Cost of obtaining the audit evidence is also considered when obtaining it. While forming an audit opinion, the auditor does not have to examine all the items or obtain all the evidence which might be available. He can reach to a conclusion by examining a sample of such transactions. He also relies on persuasive evidences However, if evidence is less than persuasive, he should not consider it reliable. THE USE OF ASSERTIONS IN OBTAINING AUDIT EVIDENCE The auditor should use assertions for classes of transactions, account balance, and presentation and disclosures in sufficient detail to from a basis for the assessment of risks of material misstatement and performance of further audit procedure. Assertions about classes of transactions and event of the period under audit; Occurrence-Transactions and events that have been recorded have occurred and pertain to the entity.  Completeness-All transactions and events that should have been recorded have been recorded.  Accuracy- Amounts and other data relating to recorded transactions and events have been recorded appropriately.  Cutoff- Transactions and events have been recorded in the correct accounting period.  Classification- Transactions and events have been recorded in proper accounts.

Assertions about account balances at the period end.
 

Existence- Assets, liabilities and equity interests exit. Right and Obligations- The entity holds or controls the right of assets, and liabilities are the obligations of the entity. Completeness- All assets, liabilities and equity interests that should have been recorded have been recorded.

Valuation and allocation- Assets, liabilities and equity interest are included in the financial statement at appropriate amounts and any resulting valuation or allocations adjustments are appropriately recorded.

Assertions about Presentation and Disclosure
Occurrence and rights and obligations- Disclosed events, transaction and other matters have ordered and pertain to the entity. CompletenessAll disclosures that should have been included in the financial statement have been included. Classification and UnderstandabilityFinancial information is appropriately presented and described, and disclosures and clearly expressed. Accuracy and valuation- Financial and other information are disclosed fairly and at appropriate amounts. AUDIT PROCEDURESS FOR OBTAINING AUDIT EVIDENCE Auditor performs audit procedures to obtain an understanding of the entity, its environment and assess risks of material misstatement. Procedures are also applied to test operating effectiveness of internal controls and for detection of material misstatements at assertion level. The auditor always performs risk assessment procedure to provide a satisfactory basis for assessment of risk at financial statement level. In addition to these risk assessment producers, which alone are not sufficient, the auditor performs audit producers in the from of test of control and substantive procedures. Test of controls are applied when auditor expected to rely on operating control through test of controls; he test the controls to support the risk assessment. These are also applied when substantive procedures alone do not provide sufficient appropriate audit evidence. Nature and timing of audit producer may be affected by the entity’s data retention policies or their practices to convert source documents id not computer images through scanning, meaning of communication being used by the entity e.g. electronic messaging rather than written purchase orders. The auditor uses one or more types of audit procedures described below.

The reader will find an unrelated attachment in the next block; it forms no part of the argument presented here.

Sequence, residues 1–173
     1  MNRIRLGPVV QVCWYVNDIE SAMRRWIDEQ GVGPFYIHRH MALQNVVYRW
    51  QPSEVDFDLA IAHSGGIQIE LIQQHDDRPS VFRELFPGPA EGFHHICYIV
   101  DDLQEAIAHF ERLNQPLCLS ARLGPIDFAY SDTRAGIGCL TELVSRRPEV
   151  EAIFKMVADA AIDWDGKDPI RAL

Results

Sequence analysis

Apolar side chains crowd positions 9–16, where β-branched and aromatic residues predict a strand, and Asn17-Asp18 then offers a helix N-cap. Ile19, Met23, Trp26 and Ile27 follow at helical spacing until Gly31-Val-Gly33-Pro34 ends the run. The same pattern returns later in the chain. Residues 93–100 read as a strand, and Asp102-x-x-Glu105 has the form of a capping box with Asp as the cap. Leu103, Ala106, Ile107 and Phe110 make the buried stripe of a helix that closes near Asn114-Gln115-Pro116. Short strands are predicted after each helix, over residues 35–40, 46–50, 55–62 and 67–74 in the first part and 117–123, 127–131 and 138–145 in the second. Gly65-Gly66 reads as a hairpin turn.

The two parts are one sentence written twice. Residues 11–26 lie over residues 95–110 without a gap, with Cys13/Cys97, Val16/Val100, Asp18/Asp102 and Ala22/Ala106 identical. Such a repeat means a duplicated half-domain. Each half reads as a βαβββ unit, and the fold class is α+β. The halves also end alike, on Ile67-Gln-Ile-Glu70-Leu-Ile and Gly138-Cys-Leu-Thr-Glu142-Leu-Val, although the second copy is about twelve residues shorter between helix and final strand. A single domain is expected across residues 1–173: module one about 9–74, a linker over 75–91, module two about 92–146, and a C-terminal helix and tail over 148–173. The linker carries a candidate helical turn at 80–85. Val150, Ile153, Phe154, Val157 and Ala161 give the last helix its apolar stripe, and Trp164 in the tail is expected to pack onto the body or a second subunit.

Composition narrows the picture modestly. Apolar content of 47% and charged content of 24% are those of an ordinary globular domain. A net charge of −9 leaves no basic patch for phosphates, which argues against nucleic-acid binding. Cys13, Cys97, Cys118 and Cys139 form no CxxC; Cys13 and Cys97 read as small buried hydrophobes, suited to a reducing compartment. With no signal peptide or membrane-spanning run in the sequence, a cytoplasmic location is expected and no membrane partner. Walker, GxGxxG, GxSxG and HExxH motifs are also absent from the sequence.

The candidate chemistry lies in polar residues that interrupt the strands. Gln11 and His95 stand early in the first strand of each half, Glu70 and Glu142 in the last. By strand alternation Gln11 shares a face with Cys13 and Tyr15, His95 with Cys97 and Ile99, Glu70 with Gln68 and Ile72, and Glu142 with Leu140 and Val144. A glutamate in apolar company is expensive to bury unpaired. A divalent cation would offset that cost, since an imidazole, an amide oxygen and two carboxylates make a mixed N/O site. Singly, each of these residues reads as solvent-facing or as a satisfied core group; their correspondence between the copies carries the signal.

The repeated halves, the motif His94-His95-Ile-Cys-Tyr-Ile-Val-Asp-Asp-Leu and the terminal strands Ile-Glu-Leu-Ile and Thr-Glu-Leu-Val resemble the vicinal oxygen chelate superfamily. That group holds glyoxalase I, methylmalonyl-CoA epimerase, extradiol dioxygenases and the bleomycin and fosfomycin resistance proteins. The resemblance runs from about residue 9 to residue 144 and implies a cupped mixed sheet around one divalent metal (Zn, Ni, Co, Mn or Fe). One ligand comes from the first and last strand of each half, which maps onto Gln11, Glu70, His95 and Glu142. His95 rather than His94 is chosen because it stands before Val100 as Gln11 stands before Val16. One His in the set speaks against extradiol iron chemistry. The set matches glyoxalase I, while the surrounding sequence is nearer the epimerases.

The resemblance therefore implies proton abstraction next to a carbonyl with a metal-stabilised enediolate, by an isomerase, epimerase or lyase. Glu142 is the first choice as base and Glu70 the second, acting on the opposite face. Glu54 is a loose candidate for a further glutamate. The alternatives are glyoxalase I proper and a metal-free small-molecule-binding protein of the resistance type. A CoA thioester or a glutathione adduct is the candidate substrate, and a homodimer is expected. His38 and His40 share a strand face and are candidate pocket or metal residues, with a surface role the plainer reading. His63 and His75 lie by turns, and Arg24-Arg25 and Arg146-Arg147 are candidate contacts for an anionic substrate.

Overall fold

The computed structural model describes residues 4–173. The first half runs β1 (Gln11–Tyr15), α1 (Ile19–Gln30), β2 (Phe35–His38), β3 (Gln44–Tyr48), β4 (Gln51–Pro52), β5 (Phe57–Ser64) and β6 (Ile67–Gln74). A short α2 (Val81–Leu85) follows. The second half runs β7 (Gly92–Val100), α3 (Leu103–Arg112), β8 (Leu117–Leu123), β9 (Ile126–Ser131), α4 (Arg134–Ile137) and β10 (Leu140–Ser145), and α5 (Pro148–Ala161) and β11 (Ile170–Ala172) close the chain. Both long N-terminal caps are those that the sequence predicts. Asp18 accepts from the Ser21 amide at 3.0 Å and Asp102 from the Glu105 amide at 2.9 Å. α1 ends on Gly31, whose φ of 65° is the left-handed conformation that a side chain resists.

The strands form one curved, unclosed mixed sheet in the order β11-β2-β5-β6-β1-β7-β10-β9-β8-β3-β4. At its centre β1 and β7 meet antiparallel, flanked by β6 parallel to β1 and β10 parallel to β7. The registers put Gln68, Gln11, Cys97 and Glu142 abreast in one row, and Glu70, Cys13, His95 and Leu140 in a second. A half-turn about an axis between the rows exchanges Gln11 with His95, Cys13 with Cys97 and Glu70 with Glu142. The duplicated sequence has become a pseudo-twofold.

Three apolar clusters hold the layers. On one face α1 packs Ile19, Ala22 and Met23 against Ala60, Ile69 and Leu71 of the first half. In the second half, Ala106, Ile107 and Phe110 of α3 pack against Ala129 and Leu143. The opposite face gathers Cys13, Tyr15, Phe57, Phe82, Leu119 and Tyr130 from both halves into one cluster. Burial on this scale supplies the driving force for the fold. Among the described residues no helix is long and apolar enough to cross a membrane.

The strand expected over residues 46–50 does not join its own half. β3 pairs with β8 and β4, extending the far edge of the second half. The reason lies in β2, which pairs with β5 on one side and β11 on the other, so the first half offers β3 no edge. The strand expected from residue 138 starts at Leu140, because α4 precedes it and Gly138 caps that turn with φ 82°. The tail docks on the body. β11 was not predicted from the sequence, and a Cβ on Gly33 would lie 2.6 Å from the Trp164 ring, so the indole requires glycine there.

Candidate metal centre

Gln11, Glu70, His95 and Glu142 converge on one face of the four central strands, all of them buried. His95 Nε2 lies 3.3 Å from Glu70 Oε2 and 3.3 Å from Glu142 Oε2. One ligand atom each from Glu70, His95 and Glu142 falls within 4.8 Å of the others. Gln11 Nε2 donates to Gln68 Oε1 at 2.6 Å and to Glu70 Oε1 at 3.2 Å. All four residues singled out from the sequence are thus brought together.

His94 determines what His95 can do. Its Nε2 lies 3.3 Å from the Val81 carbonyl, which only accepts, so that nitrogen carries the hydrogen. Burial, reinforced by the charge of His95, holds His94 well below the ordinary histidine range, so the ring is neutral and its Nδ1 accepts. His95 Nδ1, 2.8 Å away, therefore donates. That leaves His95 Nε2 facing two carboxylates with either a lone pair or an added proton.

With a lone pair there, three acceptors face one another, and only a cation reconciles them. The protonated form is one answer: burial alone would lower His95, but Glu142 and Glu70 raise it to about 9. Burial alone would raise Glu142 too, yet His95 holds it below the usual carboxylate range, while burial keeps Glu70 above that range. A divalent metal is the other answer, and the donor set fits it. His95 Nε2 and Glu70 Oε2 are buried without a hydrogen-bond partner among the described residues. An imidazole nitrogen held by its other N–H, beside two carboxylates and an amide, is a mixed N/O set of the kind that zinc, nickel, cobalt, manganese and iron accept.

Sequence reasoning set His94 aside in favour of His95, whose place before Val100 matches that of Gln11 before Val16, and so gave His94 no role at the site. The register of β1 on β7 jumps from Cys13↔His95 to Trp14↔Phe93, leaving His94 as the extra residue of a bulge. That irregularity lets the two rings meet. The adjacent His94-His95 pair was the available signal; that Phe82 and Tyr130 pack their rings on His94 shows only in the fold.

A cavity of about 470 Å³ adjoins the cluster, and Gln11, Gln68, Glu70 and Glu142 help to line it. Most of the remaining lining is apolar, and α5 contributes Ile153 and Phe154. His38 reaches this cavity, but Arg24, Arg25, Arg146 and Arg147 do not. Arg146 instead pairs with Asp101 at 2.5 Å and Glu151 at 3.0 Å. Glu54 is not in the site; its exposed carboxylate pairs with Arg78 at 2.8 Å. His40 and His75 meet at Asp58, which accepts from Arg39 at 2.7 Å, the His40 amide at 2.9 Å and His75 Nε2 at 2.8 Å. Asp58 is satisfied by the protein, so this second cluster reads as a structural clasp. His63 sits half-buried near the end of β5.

Inspection of records or Documents It consists of examining records or documents whether internal or external, in paper from electronic from, or other media, inspection provides evidence of varying degrees of reliability depending on their nature and source and in the case of internal records, on effectiveness of controls over their production. Inspection of Tangible Assets It consists of physical examination of the assets. It may provide reliable audit evidence of their existence but not necessarily about other assertions. Inquiry It means seeking information form knowledge persons throughout the entity or outside the entity. Those may be formal written or information oral, provides an auditor with new information or corroborative evidence. Certain oral inquiries might be got confirmed through written representations. Confirmations It is a specific type of inquiry. It is the process of obtaining a representation of information or an exciting condition directly from a third party. Confirmations are sought from debtors, creditors, bankers, legal advisor etc. Recalculation It consists of checking the mathematical accuracy of documents or records, it can be performed through use of information technology. Reperformance It is the auditor’s independent execution of procedures or controls that were originally performed as part of the entity’s internal control, either manually or through the use of CAATs e.g. reperforming ht aging of account receivable. Analytical Procedures

It consists of evaluations of financial information made by a study of relationship among both financial and non Financial data. It includes investigation of significant fluctuations found and the relationship that are inconsistent.